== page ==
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  28. Frank Daumann (2007). Evolution and the Rule of Law: Hayek's Concept of Liberal Order Reconsidered. Journal of Libertarian Studies 21 (4):123-50.
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  29. Martin de Vlieghere (1994). A Reappraisal of Friedrich A. Hayek's Cultural Evolutionism. Economics and Philosophy 10 (02):285-.
    In spite of the important discoveries made by Adam Smith and later by the economists of the Austrian School, Friedrich Hayek remained intellectually challenged by the miracle of the price mechanism. As it turned out there was still some pioneering to do in describing the price mechanism. This became clear when Hayek identified the dispersal of information relevant to exchange transactions as the central issue of economic study. In the context of his distinction between competition as a state of things (...)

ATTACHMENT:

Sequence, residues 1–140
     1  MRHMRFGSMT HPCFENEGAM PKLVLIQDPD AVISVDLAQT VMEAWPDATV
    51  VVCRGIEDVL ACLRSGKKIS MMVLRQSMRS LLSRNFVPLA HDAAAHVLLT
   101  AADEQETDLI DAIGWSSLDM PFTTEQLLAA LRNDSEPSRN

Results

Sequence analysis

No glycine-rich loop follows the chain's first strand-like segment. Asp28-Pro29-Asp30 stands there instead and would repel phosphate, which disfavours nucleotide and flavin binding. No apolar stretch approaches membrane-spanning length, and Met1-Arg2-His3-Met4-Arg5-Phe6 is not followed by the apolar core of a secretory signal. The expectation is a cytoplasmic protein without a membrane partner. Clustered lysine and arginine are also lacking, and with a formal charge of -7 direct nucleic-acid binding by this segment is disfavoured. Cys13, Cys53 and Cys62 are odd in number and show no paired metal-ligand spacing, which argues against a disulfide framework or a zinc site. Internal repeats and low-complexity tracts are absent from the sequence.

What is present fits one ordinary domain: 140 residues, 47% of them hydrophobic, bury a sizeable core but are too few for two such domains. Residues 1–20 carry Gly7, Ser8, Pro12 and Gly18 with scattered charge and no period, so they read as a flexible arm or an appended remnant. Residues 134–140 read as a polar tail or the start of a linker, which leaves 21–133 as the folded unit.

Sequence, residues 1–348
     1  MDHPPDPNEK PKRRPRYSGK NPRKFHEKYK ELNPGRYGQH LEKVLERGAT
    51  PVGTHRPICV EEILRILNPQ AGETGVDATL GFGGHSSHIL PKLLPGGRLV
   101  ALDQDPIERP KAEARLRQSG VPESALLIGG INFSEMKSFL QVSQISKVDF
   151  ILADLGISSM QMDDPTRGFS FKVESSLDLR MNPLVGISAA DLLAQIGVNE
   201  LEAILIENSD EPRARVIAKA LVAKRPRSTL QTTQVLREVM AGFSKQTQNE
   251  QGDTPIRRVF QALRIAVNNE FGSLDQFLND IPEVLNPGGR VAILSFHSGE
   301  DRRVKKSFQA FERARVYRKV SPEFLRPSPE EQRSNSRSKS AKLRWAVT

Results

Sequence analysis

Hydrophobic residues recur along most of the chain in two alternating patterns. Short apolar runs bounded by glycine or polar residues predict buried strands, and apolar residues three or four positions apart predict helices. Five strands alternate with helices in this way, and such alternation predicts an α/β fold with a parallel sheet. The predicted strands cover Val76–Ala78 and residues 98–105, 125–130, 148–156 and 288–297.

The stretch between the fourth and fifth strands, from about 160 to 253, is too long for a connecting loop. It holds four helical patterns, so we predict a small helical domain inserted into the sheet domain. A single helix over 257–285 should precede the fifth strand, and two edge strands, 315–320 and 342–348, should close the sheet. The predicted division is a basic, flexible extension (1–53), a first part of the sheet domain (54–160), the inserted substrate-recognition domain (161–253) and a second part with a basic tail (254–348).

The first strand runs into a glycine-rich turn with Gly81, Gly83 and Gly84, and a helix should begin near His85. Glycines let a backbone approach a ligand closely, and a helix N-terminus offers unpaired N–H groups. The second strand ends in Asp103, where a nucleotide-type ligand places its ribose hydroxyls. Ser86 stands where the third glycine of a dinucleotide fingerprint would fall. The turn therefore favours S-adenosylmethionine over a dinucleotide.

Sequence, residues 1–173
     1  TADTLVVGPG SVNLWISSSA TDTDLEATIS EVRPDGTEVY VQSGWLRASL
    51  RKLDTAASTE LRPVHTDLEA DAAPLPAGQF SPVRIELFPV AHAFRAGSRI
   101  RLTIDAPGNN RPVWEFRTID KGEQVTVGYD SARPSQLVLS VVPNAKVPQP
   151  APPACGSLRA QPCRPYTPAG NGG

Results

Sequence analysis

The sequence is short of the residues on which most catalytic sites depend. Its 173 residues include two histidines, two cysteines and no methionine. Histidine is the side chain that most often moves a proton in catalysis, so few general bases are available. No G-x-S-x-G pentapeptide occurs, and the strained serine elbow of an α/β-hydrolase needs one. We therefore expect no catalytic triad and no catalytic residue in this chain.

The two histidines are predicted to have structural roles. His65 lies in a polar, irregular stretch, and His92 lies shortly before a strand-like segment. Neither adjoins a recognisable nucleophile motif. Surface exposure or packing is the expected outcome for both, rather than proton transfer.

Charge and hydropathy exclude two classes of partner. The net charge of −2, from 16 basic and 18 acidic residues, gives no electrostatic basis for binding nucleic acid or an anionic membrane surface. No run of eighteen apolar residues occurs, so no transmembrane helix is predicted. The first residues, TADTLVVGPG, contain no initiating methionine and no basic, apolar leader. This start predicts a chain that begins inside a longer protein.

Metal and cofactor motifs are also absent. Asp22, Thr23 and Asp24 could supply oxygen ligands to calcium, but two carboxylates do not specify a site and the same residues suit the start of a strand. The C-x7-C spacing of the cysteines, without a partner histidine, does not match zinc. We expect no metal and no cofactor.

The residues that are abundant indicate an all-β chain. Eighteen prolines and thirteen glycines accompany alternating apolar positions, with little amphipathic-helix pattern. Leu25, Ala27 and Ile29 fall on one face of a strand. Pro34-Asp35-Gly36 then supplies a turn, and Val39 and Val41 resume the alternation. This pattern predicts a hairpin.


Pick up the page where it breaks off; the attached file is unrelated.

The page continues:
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  30. Gary T. Dempsey (1996). Hayek'sTerra Incognitaof the Mind. Southern Journal of Philosophy 34 (1):13-41.
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  31. Andy Denis, Hayek and the Emergence of Spontaneous Order.
    Hayek Revisited consists of papers presented at four conferences held by the Ludwig von Mises Institute between 1993 and 1996 ‘in honour of Hayek’s] ideas’ xi), and, according to the front flap, the purpose of the volume is ‘to celebrate’, ‘to celebrate … and pay testament to’ Hayek’s contribution. The very first phrase of the Introduction speaks of “The awesome scope of..